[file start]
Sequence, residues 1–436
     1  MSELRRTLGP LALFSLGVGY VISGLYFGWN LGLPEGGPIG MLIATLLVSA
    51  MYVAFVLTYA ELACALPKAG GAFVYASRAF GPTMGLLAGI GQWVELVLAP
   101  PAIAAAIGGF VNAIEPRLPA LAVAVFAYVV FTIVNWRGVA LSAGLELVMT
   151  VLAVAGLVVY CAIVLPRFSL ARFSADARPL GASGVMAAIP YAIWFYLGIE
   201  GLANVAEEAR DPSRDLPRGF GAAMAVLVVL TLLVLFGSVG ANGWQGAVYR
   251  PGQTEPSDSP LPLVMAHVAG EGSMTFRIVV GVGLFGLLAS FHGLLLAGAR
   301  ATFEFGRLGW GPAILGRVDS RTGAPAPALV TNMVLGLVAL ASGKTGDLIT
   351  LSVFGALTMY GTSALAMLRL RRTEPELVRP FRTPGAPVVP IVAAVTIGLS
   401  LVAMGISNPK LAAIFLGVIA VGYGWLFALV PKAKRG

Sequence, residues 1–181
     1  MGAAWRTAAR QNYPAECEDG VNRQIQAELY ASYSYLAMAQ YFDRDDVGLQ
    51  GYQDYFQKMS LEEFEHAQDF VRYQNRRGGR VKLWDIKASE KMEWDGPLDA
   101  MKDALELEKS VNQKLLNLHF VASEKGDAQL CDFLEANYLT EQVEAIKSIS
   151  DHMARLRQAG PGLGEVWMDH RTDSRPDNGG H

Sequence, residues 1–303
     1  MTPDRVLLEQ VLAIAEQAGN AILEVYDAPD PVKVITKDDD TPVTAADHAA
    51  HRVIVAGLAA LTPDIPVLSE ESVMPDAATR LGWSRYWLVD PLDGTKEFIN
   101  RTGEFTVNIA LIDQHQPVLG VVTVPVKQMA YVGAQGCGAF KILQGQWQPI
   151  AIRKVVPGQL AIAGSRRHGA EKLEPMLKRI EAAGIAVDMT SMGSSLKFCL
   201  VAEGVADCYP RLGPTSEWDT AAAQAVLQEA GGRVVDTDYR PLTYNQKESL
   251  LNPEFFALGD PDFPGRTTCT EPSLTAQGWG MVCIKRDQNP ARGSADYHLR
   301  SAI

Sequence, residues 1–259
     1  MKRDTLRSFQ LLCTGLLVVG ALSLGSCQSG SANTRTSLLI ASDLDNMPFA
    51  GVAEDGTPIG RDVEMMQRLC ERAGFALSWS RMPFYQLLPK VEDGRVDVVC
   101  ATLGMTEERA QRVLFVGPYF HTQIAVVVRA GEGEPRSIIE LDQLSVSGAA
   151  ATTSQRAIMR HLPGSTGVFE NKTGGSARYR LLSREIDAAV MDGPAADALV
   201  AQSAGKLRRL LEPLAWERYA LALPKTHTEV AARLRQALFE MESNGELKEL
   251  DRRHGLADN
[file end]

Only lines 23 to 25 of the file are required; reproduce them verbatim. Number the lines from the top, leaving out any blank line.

   301  SAI

Sequence, residues 1–259
     1  MKRDTLRSFQ LLCTGLLVVG ALSLGSCQSG SANTRTSLLI ASDLDNMPFA